At 3.3%, our revenue growth projections are conservative and well below consensus expectations. Because our investments focus on companies with high return on capital, there is minimal required reinvestment. Hence, we see a high conversion of the earnings to free cash flow augmented by that growth. While all companies experience some degree of profitability erosion over time, we believe these quality companies are well positioned to withstand this erosion given that their margins are sustainable further into the future than the rest of the market.
Those familiar with the GMO 7-Year Asset Class Forecasts will notice that our return expectations for quality companies are significantly more bullish than is our Asset Allocation perspective on broader groups of U.S. equities. We see no contradiction that a carefully constructed subset of 40 stocks can have a better outlook than the overall market. We believe that 5% real is a fair return for high quality stocks (so no multiple compression needs be forecast over the long run) and that profit margins are sustainable for the companies that we own. Those are both counter to the seven-year forecast for the broad market.
Why the Portfolio is Mostly U.S. Domiciled
Our allocation to U.S. stocks is driven by fundamental analysis. While at the aggregate index level the S&P 500 may be richly valued relative to non-U.S. stocks, this comparison breaks down when one looks at individual high quality names in similar businesses. United Technologies, Honeywell and 3M, for example, are all U.S. industrial companies in our Quality portfolio, and they all trade at a P/E discount to high quality European peers like Assa Abloy, Atlas Copco, Schindler and Kone. McDonald’s Japan trades at a material premium to McDonalds, and Walmart de Mexico is trading at more than twice the multiple of Walmart. This is consistent with our intuition that, perhaps due to scarcity value, quality companies are a more crowded trade outside the U.S. than within.
While GMO generally sees opportunity in emerging markets, we find that valuations in the U.S. and emerging markets stocks have converged when we filter the indices through our quality screen. Exhibit 2 shows that while in the past emerging markets quality stocks have been discounted, this has not been the case over recent years.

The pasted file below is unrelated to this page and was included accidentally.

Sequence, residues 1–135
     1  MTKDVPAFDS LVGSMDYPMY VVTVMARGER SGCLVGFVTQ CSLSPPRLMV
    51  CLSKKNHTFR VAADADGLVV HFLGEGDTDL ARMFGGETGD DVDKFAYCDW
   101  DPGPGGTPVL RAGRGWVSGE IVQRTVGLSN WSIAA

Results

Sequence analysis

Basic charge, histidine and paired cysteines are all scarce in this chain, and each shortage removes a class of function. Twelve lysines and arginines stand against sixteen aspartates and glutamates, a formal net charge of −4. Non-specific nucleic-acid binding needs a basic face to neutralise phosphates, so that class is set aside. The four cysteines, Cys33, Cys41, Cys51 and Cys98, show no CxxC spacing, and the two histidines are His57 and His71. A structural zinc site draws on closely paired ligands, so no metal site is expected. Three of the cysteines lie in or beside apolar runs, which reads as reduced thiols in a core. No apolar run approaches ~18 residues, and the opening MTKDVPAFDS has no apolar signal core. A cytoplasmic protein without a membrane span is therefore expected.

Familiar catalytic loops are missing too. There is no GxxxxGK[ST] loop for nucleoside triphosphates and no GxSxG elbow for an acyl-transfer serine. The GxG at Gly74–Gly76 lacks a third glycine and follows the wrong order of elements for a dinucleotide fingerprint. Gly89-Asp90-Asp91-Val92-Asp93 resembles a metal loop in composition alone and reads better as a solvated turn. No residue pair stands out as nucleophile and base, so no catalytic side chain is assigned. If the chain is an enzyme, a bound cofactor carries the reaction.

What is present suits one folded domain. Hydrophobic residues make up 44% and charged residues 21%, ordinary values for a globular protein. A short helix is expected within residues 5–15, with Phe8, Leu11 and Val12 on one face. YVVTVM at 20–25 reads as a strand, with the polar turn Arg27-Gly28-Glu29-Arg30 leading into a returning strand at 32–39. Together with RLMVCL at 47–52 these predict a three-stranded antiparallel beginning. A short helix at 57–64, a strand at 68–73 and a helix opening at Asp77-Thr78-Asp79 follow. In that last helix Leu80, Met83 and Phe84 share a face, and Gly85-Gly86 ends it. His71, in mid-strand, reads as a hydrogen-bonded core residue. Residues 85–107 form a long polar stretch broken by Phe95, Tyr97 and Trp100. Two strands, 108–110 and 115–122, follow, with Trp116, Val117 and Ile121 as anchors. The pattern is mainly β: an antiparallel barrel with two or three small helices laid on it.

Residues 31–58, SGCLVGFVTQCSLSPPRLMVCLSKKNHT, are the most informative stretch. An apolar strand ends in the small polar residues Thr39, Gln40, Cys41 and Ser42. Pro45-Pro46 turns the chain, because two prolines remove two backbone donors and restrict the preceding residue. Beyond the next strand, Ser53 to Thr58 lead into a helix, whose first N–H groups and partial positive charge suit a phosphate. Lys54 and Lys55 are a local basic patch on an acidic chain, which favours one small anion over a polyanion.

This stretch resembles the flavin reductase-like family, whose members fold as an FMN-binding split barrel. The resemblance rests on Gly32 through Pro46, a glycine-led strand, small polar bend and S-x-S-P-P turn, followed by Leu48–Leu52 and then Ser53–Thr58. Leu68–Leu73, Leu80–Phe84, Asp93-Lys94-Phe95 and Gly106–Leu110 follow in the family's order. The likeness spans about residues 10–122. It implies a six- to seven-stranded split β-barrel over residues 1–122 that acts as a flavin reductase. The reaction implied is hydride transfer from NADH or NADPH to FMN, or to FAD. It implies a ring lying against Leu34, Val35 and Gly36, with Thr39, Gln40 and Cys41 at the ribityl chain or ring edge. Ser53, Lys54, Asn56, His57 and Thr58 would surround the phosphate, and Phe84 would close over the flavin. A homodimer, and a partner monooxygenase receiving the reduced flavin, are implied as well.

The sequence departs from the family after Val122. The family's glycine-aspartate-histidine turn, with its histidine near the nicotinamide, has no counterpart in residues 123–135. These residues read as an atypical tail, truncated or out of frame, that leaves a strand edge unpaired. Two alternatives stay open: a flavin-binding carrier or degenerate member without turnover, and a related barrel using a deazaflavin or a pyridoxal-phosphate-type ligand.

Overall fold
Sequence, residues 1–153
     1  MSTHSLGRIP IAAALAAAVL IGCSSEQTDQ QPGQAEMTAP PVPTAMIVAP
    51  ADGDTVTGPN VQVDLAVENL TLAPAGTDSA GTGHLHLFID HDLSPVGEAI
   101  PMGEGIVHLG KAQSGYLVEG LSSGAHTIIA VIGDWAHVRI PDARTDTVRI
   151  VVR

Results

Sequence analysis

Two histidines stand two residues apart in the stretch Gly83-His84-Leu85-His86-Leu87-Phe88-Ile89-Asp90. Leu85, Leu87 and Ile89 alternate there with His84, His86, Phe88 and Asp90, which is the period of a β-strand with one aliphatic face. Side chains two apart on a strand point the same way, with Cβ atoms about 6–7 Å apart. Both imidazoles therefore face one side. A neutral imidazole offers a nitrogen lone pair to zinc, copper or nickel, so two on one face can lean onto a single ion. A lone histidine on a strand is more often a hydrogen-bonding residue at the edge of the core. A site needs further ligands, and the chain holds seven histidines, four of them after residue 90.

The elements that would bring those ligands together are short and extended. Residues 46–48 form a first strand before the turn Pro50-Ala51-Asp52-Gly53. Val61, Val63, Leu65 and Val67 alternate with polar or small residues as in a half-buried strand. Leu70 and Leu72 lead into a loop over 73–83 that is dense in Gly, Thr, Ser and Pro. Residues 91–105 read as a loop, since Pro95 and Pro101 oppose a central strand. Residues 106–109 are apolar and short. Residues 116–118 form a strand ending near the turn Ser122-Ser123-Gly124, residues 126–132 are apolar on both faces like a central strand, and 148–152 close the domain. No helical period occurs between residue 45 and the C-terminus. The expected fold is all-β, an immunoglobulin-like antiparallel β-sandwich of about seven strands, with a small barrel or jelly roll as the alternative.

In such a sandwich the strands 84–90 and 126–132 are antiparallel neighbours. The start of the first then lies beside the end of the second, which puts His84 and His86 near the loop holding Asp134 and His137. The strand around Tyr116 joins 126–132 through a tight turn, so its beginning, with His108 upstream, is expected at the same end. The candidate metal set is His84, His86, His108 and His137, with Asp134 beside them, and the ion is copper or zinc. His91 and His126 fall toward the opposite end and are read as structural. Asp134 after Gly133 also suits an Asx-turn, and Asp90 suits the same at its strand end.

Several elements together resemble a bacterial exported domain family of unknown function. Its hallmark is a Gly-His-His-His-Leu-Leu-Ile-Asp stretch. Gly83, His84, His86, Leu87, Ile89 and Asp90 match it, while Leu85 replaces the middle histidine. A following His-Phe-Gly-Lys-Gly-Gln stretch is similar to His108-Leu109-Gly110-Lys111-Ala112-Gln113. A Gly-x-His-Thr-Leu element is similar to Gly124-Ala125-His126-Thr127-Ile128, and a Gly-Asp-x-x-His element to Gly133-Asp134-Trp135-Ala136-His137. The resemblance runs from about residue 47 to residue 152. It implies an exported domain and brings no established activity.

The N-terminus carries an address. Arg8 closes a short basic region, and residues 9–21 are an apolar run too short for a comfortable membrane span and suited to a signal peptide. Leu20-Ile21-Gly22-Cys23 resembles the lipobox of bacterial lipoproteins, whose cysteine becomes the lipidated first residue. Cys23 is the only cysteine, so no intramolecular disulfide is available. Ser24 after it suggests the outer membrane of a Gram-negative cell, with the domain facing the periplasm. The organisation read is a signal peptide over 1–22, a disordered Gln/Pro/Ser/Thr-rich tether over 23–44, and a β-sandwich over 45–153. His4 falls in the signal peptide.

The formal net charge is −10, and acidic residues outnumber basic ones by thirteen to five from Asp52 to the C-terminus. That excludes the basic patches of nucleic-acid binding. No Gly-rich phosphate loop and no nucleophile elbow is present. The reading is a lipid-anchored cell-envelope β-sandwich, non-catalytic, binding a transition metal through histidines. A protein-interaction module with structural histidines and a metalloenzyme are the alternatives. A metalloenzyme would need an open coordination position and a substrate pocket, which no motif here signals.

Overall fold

A Large Technology Position We continue to see the best individual stock opportunities in the broader technology sector. Technology boasts a disproportionate representation of businesses with the widest moats and best ability to grow at a high return on investment. Meanwhile, valuations for the technology companies where we are invested remain reasonable.
Our technology allocation is driven by bottom up stock selection. This begs the question of whether that aggregate exposure is too concentrated. We believe not! These are a very diverse set of businesses. Analysis of our positioning (see exhibit 3) shows allocations across fundamentally unrelated subsectors of technology, including: digital advertising, enterprise software, the smart phone supply chain, IT consulting, and stocks that straddle the border with other sectors (e.g., credit card processors, connectors and analog semiconductors). This point is also supported by the recent S&P industry reclassification of Alphabet and Facebook into the Communications Sector (although one suspects they will trade more like Microsoft than like AT&T and Verizon).
Of further importance is that a technology-heavy portfolio can still be defensive if it is comprised of the right companies that meet our quality standards and trade at reasonable valuations. Even during the FAANG stock correction, the GMO Quality basket was able to perform well and exhibit negative correlation to the performance of the FAANG stocks (see exhibit 4). Defensive names in the portfolio provide a conservative ballast. But it is equally important that many Quality Tech names are fundamentally different from, and less volatile than, the FAANGs.
Bottom-Up and Fundamental
A high conviction Quality strategy requires forward-looking, bottom-up, fundamental analysis to drive security selection. We maintain a laser focus on finding companies with durable, resilient business models and high return on capital. Our portfolio companies offer long-term secular growth, and we believe they will maintain relevance in the economy, no matter what unforeseeable changes emerge.